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International Sun-Earth Explorer 3

International Sun-Earth Explorer 3

An artist's impression of the ISEE-ICE satellite

An artist's impression of the ISEE-3/ICE satellite enroute to its encounter with Comet Giaconbini-Zinner. (Credit: NASA)

Lifetime: August 1978 - May 1997 (mission shut down; though it is still in orbit around the sun)

Operators: NASA (United States), ESA (Europe)

Primary Science

The main science of the International Sun-Earth Explorer 3, or ISEE-3 for short, were to investigate the solar-terrestrial environment at the edge of the Earth's magnetosphere, to study the structure of the solar wind near Earth, to continue the investigation of cosmic rays and solar flare emissions in the Earth's vicinity.

After it's main mission was completed, ISEE-3 was given a second mission and a new name. It was renamed the International Cometary Explorer and was tasked with studying the interaction between the solar wind and a comet's atmosphere.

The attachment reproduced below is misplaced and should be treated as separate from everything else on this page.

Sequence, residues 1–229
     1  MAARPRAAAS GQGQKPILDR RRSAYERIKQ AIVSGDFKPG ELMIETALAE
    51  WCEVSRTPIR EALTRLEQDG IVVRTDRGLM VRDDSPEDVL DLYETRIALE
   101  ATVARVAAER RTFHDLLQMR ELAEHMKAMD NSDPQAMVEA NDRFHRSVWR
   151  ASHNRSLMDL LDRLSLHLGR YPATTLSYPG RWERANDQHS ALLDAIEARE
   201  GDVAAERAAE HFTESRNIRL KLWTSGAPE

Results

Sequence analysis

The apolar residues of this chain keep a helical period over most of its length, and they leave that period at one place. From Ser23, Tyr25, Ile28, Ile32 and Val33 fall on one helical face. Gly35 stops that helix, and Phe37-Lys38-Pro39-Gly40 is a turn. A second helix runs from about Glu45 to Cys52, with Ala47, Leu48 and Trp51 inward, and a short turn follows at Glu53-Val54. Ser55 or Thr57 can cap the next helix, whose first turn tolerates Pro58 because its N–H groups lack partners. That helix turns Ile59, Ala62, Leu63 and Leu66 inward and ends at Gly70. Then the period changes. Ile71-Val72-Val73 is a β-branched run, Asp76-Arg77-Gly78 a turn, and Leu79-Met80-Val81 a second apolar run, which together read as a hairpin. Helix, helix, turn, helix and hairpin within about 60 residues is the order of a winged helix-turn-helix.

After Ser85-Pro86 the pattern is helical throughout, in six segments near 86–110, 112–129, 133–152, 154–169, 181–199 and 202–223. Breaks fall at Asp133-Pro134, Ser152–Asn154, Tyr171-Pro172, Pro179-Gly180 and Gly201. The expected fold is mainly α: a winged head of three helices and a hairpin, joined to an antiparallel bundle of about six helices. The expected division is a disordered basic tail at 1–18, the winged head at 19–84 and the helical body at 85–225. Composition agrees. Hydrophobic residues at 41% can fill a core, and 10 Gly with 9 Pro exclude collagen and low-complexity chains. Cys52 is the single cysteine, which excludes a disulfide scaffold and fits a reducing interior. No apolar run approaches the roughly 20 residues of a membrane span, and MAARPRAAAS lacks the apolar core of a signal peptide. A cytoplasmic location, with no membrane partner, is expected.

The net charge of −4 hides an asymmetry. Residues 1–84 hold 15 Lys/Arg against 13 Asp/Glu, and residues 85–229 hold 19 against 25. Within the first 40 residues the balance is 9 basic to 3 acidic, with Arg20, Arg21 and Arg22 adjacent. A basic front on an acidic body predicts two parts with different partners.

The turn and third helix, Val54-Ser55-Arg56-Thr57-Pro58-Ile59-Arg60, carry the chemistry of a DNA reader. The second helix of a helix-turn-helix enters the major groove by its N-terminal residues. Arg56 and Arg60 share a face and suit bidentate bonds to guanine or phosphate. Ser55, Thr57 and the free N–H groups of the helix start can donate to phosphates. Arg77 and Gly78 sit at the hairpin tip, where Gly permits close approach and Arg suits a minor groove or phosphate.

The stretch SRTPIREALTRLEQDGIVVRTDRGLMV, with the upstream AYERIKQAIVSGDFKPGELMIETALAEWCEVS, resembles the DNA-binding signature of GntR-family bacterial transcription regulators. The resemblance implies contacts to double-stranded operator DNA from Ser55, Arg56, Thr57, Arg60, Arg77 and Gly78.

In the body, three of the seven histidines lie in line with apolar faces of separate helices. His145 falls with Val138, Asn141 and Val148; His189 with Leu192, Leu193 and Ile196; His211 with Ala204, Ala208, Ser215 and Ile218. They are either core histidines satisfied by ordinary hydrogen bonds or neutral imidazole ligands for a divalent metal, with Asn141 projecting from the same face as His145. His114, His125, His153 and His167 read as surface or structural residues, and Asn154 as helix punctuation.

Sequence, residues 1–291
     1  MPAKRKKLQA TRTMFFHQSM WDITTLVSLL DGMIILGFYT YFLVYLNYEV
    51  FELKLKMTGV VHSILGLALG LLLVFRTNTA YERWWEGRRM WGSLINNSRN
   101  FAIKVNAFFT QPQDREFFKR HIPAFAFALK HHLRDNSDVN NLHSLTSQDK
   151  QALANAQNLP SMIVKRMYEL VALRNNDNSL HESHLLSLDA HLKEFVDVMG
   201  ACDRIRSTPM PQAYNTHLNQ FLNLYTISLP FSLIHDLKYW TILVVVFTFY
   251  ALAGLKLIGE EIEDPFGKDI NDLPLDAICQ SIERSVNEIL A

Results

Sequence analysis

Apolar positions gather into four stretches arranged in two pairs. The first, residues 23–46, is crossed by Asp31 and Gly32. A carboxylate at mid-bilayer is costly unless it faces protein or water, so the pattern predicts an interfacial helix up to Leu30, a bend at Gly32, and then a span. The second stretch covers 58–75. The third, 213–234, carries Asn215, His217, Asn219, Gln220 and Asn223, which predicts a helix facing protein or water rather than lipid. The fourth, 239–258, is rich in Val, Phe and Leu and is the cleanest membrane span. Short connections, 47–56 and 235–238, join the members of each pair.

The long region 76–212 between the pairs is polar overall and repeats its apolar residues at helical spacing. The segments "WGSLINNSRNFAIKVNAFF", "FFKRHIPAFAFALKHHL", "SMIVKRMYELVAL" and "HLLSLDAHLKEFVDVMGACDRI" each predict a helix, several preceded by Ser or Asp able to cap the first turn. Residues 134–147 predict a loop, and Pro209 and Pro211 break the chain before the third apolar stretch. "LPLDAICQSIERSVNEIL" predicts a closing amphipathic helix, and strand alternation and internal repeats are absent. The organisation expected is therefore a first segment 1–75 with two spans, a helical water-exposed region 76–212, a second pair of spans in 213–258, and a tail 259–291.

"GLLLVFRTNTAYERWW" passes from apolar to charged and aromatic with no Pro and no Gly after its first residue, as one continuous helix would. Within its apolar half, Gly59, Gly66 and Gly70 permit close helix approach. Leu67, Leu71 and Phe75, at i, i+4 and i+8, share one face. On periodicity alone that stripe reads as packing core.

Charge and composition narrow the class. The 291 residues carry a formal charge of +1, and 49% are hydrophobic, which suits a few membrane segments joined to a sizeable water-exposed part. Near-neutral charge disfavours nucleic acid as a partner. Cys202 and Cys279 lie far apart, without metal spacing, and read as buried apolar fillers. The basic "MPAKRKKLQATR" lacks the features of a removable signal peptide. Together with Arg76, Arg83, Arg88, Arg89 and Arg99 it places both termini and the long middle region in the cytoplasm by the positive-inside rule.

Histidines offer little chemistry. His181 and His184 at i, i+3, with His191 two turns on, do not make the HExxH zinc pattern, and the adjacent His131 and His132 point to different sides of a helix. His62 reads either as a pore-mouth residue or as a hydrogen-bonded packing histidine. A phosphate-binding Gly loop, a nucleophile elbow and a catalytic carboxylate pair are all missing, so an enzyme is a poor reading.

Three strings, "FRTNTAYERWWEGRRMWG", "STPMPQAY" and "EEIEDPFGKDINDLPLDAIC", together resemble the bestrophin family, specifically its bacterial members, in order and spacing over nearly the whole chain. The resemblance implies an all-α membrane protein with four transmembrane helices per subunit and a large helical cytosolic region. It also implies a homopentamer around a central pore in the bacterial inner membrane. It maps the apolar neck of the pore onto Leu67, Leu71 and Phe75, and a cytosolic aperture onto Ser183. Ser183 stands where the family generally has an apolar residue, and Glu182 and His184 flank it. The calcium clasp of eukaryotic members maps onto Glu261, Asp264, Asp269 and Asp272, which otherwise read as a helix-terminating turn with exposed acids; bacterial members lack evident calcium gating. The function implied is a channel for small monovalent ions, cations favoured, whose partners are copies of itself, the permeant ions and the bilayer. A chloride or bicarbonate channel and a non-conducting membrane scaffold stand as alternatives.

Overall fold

High Energy Science

ISEE-3 carried two instruments capabile of high-energy observations. An X-ray spectrometer was designed to study both solar flares and cosmic gamma-ray bursts. In addition ISEE-3's payload included a gamma-ray burst spectrometer.

Science Highlights

  • First successful flight of a high purity germanium gamma-ray detector in space

Links to more information


A service of the High Energy Astrophysics Science Archive Research Center (HEASARC), Dr. Alan Smale (Director), within the Astrophysics Science Division (ASD) at NASA/GSFC

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